Agenda item

Application for a Definitive Map Modification Order for an additional length of footpath connecting public footpath RWD10A with Kidnalls Wood, Yorkley, West Dean, Gloucestershire

To consider the following application:

Nature of Application: A 114m length of footpath linking Public Footpath RWD10A to Kidnalls Wood, Yorkley

Parish: West Dean

Name of Applicant: Mrs D Large

Date of Application: July 2017


32.1    Jaci Harris, Asset Data Officer, gave a detailed presentation to the Committee aided by a PowerPoint presentation, which included photographs of the claimed route under consideration. (For information: A copy of the presentation slides has been uploaded to the Council’s website.)


32.2    The Committee considered an application for a Definitive Map Modification Order (DMMO) for the claimed path marked A-B on the plan attached at Appendix JH2 to the report. The claimed path was situated in the village of Yorkley in the parish of West Dean, and crossed land which had until recently, formed part of the 180 acre Yorkley Court Estate.  It connected to Public Footpath RWD10A at point A and at point B connected with Kidnalls Wood.


32.3    The Committee was informed that the ownership of the Yorkley Court Estate had been unclear for many years.  A public notice, dated 1 October 2018, placed in the London Gazette under Section 27 of the Trustee Act 1925 sought surviving family members connected to 23 deceased people with links to the Grade II-listed farm, buildings and lands.  Meanwhile the land had been leased via a trust to a succession of tenant farmers.  The Land Registry had confirmed that this was the position until December 2014, when at that point in time Yorkley Court Farm Ltd was sold with a possessory title.


32.4    The Committee was informed that the application for the DMMO was made in January 2017 and the photos of the claimed path were taken by the Asset Data Officer 2 years later in January 2019.  A length of strained post and wire fencing topped with a strand of barbed wire, installed in January 2017, marked the start of the claimed path at point A at its junction with Public Footpath RWD10A.  The barbs had been removed from the section across the claimed route but as the fence was not damaged or bent out of shape from being climbed over, it seemed that the claimed path had received very little use since the fence was erected.  At point B on the plan there was an old broken post and wire boundary fence, sections of which were missing meaning there was nothing to impede access at that point.  The old fence line was shown as the boundary of Kidnalls Wood by Land Registry for the Forestry Commission under title GR290807 and Yorkley Court Farm Ltd under title GR371316.


32.5    The Asset Data Officer explained that regarding frequency of use, from the user evidence supplied, 5 individuals had claimed daily use, 19 had claimed weekly use, 5 had claimed monthly use and 6 had claimed infrequent use.  This did conflict with statements made by Ashfords Solicitors LLP acting on behalf of the landowner, they had questioned the alleged claimed use of the path on the basis that contractors of the landowner and some farmers and tenants in the area had never seen anyone using the path.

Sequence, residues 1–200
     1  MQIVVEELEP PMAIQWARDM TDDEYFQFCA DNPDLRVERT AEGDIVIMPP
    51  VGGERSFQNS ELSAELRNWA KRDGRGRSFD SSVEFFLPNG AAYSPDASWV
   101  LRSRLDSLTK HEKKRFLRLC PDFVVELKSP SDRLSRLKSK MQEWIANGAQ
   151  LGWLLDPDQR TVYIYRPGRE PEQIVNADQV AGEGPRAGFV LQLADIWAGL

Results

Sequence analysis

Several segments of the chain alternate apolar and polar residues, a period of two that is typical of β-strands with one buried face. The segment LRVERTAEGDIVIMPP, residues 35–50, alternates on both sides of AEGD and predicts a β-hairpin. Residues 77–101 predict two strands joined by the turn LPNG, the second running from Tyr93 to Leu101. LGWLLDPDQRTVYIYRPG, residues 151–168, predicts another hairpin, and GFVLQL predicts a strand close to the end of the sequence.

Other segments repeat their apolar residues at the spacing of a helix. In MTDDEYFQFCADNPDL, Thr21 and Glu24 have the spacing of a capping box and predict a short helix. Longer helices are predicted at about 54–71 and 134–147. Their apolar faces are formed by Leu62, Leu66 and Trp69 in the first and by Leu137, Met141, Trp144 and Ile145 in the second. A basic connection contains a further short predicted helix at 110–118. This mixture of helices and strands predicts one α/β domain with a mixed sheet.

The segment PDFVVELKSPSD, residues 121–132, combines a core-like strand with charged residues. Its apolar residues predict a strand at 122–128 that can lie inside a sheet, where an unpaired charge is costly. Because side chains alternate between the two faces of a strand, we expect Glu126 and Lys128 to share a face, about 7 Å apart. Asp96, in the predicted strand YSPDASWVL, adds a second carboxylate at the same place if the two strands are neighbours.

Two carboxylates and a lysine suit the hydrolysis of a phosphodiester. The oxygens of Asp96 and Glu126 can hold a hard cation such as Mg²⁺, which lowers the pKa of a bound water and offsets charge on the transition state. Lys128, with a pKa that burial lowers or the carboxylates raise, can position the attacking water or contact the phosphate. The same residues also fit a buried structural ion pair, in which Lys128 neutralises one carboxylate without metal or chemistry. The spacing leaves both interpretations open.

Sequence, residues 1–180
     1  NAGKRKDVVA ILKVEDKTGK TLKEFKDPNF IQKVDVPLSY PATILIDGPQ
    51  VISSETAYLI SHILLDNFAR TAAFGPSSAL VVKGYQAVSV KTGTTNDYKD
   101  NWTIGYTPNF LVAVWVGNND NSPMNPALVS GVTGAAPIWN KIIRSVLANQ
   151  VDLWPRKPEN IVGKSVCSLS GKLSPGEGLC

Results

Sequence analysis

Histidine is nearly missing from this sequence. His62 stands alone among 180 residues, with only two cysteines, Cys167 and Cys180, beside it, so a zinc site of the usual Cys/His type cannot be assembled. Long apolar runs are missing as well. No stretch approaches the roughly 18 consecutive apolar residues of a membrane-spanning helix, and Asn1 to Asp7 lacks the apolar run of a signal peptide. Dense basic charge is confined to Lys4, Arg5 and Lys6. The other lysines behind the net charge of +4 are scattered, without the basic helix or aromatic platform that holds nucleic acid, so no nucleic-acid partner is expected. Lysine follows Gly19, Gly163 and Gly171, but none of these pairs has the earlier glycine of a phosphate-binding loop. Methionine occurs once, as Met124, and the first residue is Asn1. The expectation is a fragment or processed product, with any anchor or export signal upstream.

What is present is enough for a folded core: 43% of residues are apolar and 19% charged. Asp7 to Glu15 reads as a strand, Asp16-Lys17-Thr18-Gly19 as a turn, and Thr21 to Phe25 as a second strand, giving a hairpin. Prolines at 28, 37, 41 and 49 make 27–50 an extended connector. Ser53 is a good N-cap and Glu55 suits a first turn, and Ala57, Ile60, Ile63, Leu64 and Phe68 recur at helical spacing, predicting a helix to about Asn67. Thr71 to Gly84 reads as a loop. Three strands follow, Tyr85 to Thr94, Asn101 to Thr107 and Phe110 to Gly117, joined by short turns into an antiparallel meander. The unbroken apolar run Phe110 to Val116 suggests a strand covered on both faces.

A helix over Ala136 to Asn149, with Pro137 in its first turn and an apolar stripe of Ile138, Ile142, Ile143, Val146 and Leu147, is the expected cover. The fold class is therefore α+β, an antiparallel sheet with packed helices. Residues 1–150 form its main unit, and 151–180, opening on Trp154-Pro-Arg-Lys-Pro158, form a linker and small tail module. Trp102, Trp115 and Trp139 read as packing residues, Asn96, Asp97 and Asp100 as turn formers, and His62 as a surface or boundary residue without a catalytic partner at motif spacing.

32.6    The Asset Data Officer reported that in response to the consultation on the application, a letter had been received dated 1 March 2019 from Mr Duncan of Ashfords Solicitors LLP acting on behalf of the landowner, Yorkley Court Farm Ltd, which set out the landowner’s comments on the application and points of objection.  The applicant had responded by email on 19 March 2020, and it was noted that some of the responses to the issues raised, were made by Gloucestershire County Council as the surveying authority).  The Committee was informed of the following key points:


32.6.1The landowner’s representative commented on the failure to challenge the fence or submit a timely application.  The Committee was informed that the application was submitted in July 2017 by recorded delivery to GCC and to the landowner. It wasn’t processed until December 2018, when the consultation was then undertaken.  The landowner was not contacted directly due to a previous history of intimidation on walkers.  The applicant’s response referred to one occasion where it had led to a conviction of assault by beating in April 2017.


32.6.2In response to the landowner’s representative’s comments on the background to the application, members were informed that the fact that some individuals who had supported the application had been involved in a previous litigation matter was irrelevant.  Members were advised that that they should only consider whether there was sufficient evidence to imply that highway rights had come into being.


32.6.3With regard to the landowner’s rebuttal of the witness evidence, via his solicitor, members were advised that no direct evidence had been supplied by anyone other than the landowner to substantiate the claim that no one has been seen using this path. The applicant had indicated that the claimed path was at the furthest end of the farm and was shielded by trees and a distance of 300m from the solar farm.  It was also pointed out that many walkers used the path early morning or after work so may not have been seen by the people working at the farm.


32.6.4The historical aerial photographs supplied by the landowner’s representative were of poor quality, and it looked like ploughing had obliterated evidence of the path.  The existing public footpath RWD10a which ran along the field edge in the same field was also not shown in any of those photos supplied.